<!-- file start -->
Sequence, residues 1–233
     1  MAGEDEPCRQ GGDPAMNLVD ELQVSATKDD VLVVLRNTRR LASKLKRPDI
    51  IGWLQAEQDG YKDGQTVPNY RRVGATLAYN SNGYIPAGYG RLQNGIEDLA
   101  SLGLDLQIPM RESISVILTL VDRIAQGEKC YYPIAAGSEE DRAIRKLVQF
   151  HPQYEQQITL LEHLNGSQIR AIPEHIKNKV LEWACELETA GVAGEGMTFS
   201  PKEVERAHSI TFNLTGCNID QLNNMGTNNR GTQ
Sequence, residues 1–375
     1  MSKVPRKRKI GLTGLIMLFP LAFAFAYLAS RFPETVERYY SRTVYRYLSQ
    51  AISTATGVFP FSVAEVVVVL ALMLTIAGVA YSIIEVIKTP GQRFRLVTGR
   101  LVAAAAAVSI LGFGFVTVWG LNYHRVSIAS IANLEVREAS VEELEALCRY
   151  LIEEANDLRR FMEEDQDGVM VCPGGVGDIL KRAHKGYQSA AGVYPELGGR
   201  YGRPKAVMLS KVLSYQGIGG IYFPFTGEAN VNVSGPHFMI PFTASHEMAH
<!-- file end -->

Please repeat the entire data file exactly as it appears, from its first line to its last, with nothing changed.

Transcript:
Sequence, residues 1–233
     1  MAGEDEPCRQ GGDPAMNLVD ELQVSATKDD VLVVLRNTRR LASKLKRPDI
    51  IGWLQAEQDG YKDGQTVPNY RRVGATLAYN SNGYIPAGYG RLQNGIEDLA
   101  SLGLDLQIPM RESISVILTL VDRIAQGEKC YYPIAAGSEE DRAIRKLVQF
   151  HPQYEQQITL LEHLNGSQIR AIPEHIKNKV LEWACELETA GVAGEGMTFS
   201  PKEVERAHSI TFNLTGCNID QLNNMGTNNR GTQ
Sequence, residues 1–375
     1  MSKVPRKRKI GLTGLIMLFP LAFAFAYLAS RFPETVERYY SRTVYRYLSQ
    51  AISTATGVFP FSVAEVVVVL ALMLTIAGVA YSIIEVIKTP GQRFRLVTGR
   101  LVAAAAAVSI LGFGFVTVWG LNYHRVSIAS IANLEVREAS VEELEALCRY
   151  LIEEANDLRR FMEEDQDGVM VCPGGVGDIL KRAHKGYQSA AGVYPELGGR
   201  YGRPKAVMLS KVLSYQGIGG IYFPFTGEAN VNVSGPHFMI PFTASHEMAH